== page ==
How to read a TTC transfer
We all know the different kinds of transfers on the TTC: there’s the time stamped ones you get from the subway stations machines, and a similar transfer you get from the new streetcars.
But no transfer is more enigmatic and more flimsy than the classic bus and old streetcar transfers, which have long intrigued riders with their patterns of seemingly arbitrary numbers, letters, and colour schemes.
Luckily for you it’s really not that complicated (how else would bus drivers be able to call BS on faulty transfers at a glance), and the features are pretty easy to decipher once you've learned them.
From purple to green and everything in between, the colour of these transfers changes daily, varying randomly but staying consistent across the entire TTC system.
At the top of the transfer is a flap of paper that says “Night”. This flap of paper can be removed or kept on, depending on the time it was issued: anytime between 5 p.m. and 5 a.m. constitutes as an evening trip.
Whether you’re taking the 505, the 511, or just got off the 504, the bus route on which you received the transfer will be clearly stated directly below the “Night” strip.
Centrally located on the transfer, the bolded three-digit number is really the focal point of this whole thing and is actually the most confusing.
It indicates which day of the year it is (out of 365 days) and actually represents which TTC service day it is as opposed to real calendar date.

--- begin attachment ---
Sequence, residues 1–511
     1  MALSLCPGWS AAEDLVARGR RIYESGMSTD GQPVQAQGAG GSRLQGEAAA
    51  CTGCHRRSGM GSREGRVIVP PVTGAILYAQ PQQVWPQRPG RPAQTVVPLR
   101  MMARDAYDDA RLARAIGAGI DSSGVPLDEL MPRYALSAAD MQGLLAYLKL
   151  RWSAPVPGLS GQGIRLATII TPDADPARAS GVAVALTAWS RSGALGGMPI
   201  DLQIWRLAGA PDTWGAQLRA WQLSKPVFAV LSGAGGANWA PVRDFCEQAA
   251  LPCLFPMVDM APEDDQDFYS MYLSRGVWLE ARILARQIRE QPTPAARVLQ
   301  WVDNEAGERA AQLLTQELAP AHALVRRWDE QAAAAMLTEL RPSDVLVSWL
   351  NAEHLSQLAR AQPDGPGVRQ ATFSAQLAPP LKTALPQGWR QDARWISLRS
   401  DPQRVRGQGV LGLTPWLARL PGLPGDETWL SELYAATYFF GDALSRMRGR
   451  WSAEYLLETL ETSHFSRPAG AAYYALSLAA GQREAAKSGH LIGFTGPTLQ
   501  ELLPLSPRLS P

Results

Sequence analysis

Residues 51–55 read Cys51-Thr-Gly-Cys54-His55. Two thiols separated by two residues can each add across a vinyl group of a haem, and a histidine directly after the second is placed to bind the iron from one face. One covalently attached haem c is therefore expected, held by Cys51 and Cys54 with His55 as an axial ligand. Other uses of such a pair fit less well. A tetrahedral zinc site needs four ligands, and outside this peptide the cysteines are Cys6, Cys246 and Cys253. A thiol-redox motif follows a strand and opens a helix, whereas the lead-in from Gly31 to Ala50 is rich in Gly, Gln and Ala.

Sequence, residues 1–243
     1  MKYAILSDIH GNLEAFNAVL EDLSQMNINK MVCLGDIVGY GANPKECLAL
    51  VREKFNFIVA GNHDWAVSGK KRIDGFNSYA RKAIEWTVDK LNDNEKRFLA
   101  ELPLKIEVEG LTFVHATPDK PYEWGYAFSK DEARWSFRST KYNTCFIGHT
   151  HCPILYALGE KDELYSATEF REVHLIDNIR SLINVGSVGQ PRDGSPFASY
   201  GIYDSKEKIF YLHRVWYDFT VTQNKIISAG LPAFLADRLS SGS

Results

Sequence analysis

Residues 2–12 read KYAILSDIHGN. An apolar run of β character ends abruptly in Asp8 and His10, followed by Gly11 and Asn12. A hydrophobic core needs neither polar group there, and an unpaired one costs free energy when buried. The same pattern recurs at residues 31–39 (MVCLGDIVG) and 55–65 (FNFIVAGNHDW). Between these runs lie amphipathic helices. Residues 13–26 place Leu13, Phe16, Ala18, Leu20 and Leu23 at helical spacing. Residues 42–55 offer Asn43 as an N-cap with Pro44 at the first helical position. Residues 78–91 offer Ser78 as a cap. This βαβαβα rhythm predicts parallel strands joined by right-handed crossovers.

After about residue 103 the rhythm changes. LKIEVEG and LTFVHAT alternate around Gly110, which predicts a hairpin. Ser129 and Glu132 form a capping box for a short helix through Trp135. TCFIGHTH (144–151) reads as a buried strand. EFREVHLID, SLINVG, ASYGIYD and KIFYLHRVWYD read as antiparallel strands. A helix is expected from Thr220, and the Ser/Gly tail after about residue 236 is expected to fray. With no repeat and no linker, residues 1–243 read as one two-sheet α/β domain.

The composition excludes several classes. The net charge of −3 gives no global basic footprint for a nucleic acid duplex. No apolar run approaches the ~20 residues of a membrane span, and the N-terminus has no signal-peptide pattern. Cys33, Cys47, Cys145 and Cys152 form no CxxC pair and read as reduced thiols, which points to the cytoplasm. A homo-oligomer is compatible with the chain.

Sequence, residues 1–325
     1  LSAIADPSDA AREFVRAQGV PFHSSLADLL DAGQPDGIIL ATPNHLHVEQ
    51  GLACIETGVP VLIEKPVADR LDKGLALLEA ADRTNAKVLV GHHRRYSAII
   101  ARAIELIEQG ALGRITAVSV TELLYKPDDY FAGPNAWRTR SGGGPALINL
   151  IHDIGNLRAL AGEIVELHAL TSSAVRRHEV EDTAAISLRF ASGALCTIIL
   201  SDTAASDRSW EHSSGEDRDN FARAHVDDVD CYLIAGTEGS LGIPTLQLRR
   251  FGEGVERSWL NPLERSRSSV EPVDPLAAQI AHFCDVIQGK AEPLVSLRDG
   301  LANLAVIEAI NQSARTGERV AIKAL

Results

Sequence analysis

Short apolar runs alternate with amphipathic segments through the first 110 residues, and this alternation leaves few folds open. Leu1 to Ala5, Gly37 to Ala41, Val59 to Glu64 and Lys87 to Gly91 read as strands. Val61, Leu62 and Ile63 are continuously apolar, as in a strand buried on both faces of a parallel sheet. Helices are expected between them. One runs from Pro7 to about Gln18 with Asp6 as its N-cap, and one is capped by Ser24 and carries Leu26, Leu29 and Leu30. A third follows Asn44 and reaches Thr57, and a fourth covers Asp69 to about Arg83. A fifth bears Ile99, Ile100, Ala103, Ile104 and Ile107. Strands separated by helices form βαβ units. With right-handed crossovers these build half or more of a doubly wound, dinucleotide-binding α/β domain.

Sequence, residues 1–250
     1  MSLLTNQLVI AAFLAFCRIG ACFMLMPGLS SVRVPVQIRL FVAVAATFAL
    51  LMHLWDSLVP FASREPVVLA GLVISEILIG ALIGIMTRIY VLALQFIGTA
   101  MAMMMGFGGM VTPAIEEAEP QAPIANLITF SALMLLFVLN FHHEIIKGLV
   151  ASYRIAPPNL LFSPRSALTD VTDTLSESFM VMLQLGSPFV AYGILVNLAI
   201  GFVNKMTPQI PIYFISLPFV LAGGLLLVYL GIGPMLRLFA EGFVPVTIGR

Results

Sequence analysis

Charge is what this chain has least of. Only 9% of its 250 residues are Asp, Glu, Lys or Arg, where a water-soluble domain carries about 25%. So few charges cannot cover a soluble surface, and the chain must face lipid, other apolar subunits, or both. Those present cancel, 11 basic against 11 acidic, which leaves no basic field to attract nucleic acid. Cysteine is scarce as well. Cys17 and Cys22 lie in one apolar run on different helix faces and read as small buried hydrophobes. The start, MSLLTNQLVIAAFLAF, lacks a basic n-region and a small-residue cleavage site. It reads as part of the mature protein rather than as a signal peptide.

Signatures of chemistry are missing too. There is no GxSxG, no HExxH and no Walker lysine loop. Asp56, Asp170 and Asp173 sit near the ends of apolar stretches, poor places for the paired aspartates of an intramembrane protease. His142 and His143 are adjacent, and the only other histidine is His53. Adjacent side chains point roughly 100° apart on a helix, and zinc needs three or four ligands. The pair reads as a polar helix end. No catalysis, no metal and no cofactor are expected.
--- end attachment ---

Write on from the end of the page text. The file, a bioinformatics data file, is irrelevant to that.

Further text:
Below the cheerful statement of appreciation from the TTC is the serial number, which differs per individual transfer. While its unknown whether or not anyone has ever had to track down a specific transfer, this series of five digit numbers is just a security measure.
This list of stops is pretty explanatory, but the small numbers to the right of them are kind of neat.
You’ll notice the first stop will always have the number 00 next to it, right? Meanwhile the stop below might say something like 15, and the one after that 30.
These numbers indicate the average amount of time it takes to get to that stop from the main station, meaning in this case, it would take an average of 15 minutes to get to that second stop and 30 minutes to the one after that from the station - pretty handy.
If you move to the side of the transfer, you’ll see the letters “U” and “D” alternating along its edge. These indicate whether the bus is travelling towards the station (“up”) or away from it (“down”).
Just above the line where the date is printed for a second time, you’ll see the letter “E” embedded on the right. Used during emergencies where riders have to disembark the bus, drivers can punch a hole here or in the "SPC" square, though I’ve never seen anyone do it before.
Moving to the bottom half of the transfer, you’ll see numbers extending from 5 to 5. Your driver will rip along the time which your transfer was issued, making another small rip further along the edge to indicate how many minutes past the hour exactly: 10, 20, 30, etc.
Running along the right side of the transfer are squares that say “paid to” or “zone 3”. Ignore these: they're just relics from when the TTC was Metro Toronto and the system had different fares for different areas of the city.
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